What Is Clear Cell Renal Cell Carcinoma
Clear cell renal cell carcinoma, or ccRCC, is a type of kidney cancer. The kidneys are located on either side of the spine towards the lower back. The kidneys work by cleaning out waste products in the blood. Clear cell renal cell carcinoma is also called conventional renal cell carcinoma.
Clear cell renal cell carcinoma is named after how the tumor looks under the microscope. The cells in the tumor look clear, like bubbles.
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How Will I Feel
The symptoms of kidney cancer are different for each person. In most cases, youâll see blood in your pee. You may feel generally sick, tired, and like you donât want to eat much. And you may have:
- A fever that comes and goes
- A lump in your belly
- Night sweats, so much that you need to change your clothes or sheets
- Pain in your back or side that wonât go away
- Weight loss for no reason
You might also get symptoms where the cancer spreads. If itâs in one of your bones, you might feel pain there. In your lungs, it can give you a cough or trouble breathing.
Overview Of Origin Cell Type Stage And Grade
Human RCCs are thought to arise from a variety of specialized cells located along the length of the nephron. RCC is comprised of several histological cell types. Both clear cell and papillary RCC are thought to arise from the epithelium of the proximal tubule. Chromophobe RCC, oncocytoma, and collecting duct RCC are believed to arise from the distal nephron, probably from the epithelium of the collecting tubule. Each type has differences in genetics, biology and behavior. The most common histological type is clear cell carcinoma, also called conventional RCC, which represents 7580% of RCC. Papillary , chromophobe and other more rare forms such as collecting duct carcinoma comprise the remainder. Oncocytomas represent 37% of renal masses but are invariably benign and their exclusion from classification as RCC has been recommended . Distinct tumors of different cell types can occasionally be seen in the same kidney. An individual tumor can have mixed histologies. The pathologist differentiates cell types routinely by morphology and immunohistochemical markers as well as by cytogenetic and molecular genetic analysis particularly when the cell type is equivocal. Three to five per cent of RCC cannot be classified and are termed RCC, unclassified. Sarcomatoid RCC is no longer considered as a true subtype since sarcomatoid change represents undifferentiated cells associated with progression of disease in all RCC cell types .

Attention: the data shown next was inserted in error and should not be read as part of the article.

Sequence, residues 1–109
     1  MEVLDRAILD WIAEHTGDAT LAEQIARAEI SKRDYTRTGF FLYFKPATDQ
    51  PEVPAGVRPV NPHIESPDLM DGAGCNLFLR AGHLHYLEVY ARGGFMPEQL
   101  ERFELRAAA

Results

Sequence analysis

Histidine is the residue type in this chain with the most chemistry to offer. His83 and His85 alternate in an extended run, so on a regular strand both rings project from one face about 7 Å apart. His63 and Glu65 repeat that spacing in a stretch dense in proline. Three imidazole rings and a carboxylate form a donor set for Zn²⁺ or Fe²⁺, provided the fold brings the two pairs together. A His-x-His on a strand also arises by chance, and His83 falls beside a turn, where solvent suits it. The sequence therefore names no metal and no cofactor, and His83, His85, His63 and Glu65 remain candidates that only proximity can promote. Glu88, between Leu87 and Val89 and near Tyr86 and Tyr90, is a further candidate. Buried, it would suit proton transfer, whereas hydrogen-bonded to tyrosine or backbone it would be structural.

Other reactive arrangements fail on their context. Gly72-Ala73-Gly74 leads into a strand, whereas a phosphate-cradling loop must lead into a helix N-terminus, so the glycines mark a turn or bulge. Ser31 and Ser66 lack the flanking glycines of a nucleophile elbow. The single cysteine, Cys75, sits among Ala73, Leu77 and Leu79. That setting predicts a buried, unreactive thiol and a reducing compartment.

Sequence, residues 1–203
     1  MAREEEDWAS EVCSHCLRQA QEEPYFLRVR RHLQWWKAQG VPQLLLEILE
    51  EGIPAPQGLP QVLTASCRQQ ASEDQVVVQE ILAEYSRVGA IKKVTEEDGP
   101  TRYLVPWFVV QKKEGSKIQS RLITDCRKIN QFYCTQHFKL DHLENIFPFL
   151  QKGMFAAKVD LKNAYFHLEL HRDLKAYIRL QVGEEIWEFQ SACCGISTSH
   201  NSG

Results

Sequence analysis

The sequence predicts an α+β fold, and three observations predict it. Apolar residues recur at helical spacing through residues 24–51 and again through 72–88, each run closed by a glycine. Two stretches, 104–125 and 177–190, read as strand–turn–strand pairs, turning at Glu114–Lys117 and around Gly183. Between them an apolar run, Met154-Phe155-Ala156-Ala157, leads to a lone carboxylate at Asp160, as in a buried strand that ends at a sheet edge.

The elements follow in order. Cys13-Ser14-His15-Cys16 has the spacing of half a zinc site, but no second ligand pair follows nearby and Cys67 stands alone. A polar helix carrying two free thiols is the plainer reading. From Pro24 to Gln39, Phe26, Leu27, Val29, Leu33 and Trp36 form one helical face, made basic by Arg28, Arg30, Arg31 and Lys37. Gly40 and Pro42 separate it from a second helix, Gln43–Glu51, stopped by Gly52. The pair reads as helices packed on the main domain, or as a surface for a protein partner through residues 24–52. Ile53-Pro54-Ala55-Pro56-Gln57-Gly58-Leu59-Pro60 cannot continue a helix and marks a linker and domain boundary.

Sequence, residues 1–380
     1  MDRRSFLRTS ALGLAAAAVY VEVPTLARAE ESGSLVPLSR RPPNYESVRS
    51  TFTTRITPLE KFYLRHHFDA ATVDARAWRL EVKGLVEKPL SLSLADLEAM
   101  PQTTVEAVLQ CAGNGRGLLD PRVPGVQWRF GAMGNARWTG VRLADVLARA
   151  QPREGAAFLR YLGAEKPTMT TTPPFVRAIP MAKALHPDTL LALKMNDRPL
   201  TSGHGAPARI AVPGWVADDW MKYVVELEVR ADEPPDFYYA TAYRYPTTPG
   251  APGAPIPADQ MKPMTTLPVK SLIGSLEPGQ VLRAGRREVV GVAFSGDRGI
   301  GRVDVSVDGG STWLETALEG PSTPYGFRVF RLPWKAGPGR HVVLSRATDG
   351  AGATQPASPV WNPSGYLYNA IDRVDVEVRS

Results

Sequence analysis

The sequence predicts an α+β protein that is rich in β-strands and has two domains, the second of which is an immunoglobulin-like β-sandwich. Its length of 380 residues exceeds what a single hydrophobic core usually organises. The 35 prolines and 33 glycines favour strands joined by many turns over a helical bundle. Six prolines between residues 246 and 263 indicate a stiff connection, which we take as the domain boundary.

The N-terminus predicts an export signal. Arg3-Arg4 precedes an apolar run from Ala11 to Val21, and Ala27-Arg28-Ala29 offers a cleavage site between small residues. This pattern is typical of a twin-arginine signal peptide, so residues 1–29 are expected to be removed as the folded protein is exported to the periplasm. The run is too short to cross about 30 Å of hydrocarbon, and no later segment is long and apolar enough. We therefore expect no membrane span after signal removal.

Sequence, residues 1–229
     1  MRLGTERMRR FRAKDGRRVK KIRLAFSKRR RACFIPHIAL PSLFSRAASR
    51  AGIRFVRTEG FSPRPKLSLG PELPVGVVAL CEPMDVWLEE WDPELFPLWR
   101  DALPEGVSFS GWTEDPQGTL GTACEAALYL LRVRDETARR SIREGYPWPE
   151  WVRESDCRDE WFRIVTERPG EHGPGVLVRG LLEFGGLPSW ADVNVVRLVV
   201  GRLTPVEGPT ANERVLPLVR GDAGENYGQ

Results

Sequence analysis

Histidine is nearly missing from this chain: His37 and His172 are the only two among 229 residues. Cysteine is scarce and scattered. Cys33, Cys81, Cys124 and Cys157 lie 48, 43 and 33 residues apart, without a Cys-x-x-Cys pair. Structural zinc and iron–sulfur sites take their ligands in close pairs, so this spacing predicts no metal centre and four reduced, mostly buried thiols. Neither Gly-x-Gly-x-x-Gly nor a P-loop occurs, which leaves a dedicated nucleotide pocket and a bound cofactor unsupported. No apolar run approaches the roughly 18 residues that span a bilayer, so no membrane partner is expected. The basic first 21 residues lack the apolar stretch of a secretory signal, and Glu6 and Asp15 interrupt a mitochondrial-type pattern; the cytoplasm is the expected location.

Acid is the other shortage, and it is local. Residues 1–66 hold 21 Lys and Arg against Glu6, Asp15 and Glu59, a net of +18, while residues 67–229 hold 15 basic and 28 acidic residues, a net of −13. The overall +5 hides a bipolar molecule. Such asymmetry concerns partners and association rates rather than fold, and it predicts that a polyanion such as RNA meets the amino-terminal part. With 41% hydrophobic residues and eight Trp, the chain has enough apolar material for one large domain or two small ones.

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Kidney Tumor Ali Pdos Resemble Tumor Of Origin Histologically